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[User Picture]From: cataragon
2009-01-22 15:18 (UTC)
Just try not to queue, and you should be fine. :-P

C.
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[User Picture]From: girl_onthego
2009-01-23 00:18 (UTC)
I thought that's what she was doing with the 'stood timidly for a few minutes' part.
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[User Picture]From: giles
2009-01-22 15:39 (UTC)
Aw. Bless.

.WAV please.
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[User Picture]From: nanila
2009-01-24 16:18 (UTC)
Will do when I'm back in the UK!
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[User Picture]From: nanila
2009-01-24 16:23 (UTC)
And culturally confused. Halp!
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[User Picture]From: nimoloth
2009-01-22 17:46 (UTC)
Hmm, I can't actually figure out what's wrong with what you said without looking at the comments to your post! I can't decide if it's the number of times you apologised, that you stood quietly and waited for attention, or the ticket you asked for! It all seems perfectly normal to me.
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[User Picture]From: wiggyfish
2009-01-22 19:19 (UTC)
I think it's just the phrase "can one purchase a return." An American would say something like "can I buy a round-trip ticket" or "can I get a return ticket?" First-person pronoun in the subject, terse verb, concrete object.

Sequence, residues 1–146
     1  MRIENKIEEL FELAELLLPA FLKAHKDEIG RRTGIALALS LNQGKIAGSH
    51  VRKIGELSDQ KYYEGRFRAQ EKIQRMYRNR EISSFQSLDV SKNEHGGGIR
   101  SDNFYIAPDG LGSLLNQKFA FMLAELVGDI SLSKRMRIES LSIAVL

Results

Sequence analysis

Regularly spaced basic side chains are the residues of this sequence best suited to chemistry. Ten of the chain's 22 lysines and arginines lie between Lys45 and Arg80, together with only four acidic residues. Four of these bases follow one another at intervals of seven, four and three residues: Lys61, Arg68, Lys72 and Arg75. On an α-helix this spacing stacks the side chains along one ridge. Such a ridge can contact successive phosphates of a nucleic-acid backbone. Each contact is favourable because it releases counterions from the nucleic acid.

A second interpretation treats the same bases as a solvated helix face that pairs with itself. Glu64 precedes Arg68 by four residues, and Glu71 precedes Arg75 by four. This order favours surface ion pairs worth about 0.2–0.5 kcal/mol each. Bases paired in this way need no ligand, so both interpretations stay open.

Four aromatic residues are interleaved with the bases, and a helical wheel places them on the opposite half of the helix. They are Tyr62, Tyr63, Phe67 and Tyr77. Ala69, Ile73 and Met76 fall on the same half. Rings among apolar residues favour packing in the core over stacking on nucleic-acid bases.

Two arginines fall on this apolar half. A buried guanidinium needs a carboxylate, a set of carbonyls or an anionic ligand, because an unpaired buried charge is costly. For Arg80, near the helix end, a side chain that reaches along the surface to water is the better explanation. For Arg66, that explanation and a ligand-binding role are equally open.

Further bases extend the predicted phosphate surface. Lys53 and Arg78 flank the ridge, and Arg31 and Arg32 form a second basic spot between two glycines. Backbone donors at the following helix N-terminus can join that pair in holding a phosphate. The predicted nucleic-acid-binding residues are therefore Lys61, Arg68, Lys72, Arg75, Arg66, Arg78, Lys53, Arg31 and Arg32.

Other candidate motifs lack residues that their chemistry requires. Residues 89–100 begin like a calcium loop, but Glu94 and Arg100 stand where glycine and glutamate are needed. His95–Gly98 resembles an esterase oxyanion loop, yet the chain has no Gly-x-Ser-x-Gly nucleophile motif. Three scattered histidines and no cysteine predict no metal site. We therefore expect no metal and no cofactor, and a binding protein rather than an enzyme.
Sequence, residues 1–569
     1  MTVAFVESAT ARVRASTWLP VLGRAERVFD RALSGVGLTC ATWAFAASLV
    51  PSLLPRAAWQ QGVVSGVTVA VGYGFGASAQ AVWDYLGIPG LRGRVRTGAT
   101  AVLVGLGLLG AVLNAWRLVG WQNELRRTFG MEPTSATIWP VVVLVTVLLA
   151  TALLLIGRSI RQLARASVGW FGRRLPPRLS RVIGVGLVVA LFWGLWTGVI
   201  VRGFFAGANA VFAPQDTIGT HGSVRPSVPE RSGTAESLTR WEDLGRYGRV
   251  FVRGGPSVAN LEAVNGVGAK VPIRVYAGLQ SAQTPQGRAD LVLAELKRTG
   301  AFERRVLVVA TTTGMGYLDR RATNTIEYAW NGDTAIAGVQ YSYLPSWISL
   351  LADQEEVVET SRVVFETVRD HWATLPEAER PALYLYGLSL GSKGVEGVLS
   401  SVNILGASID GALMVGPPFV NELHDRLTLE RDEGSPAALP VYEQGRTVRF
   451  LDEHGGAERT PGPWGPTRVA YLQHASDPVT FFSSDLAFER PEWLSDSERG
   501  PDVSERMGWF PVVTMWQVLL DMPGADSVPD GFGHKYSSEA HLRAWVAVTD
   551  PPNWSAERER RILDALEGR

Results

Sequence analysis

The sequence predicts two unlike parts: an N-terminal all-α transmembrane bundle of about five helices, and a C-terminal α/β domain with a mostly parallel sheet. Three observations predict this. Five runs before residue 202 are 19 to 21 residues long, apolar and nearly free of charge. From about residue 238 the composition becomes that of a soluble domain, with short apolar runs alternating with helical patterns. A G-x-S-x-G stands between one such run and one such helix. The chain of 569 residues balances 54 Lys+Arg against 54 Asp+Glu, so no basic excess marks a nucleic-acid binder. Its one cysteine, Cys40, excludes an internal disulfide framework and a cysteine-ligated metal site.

I'm a quiet-waiter myself, in part because my mother worked as a postal clerk and detested having people barge up to her window and imperiously shove her work aside with their packages. Being that way works badly in places where there's no accountability (gas stations, crowded tourist spots), but I can't think of a time anyone's looked at me oddly because of it.
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[User Picture]From: foreverdirt
2009-01-22 18:53 (UTC)
Oh, these comments are an education for me!
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[User Picture]From: nanila
2009-01-24 16:21 (UTC)
Me too. I couldn't for the life of me remember what the correct American phrasing was. Yesterday I asked a maitre'd if I needed to have a booked a table at a restaurant. "No, you don't need a reservation," she said, grinning. Argh!
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[User Picture]From: smallfurry
2009-01-22 21:02 (UTC)
your american may have deserted you, but you have the british apologising down pat! :)

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[User Picture]From: senusert
2009-01-23 00:13 (UTC)
You're becoming one of us.....!
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[User Picture]From: nanila
2009-01-24 16:31 (UTC)
Some British-isms just make more sense, or they're shorter.

THANKS DUDE!
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[User Picture]From: rhc
2009-01-23 10:51 (UTC)
But do they speak American in Newark?
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[User Picture]From: nanila
2009-01-24 16:33 (UTC)
I assume so. Might I recommend you ask a native speaker?
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[User Picture]From: helpful_mammal
2009-01-23 14:36 (UTC)
Mwahahaha. We have you now. You will be ours forever...
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[User Picture]From: nanila
2009-01-24 16:37 (UTC)
As long as the supply of sausage and mash and tasty ales doesn't run out, I don't have problem with that.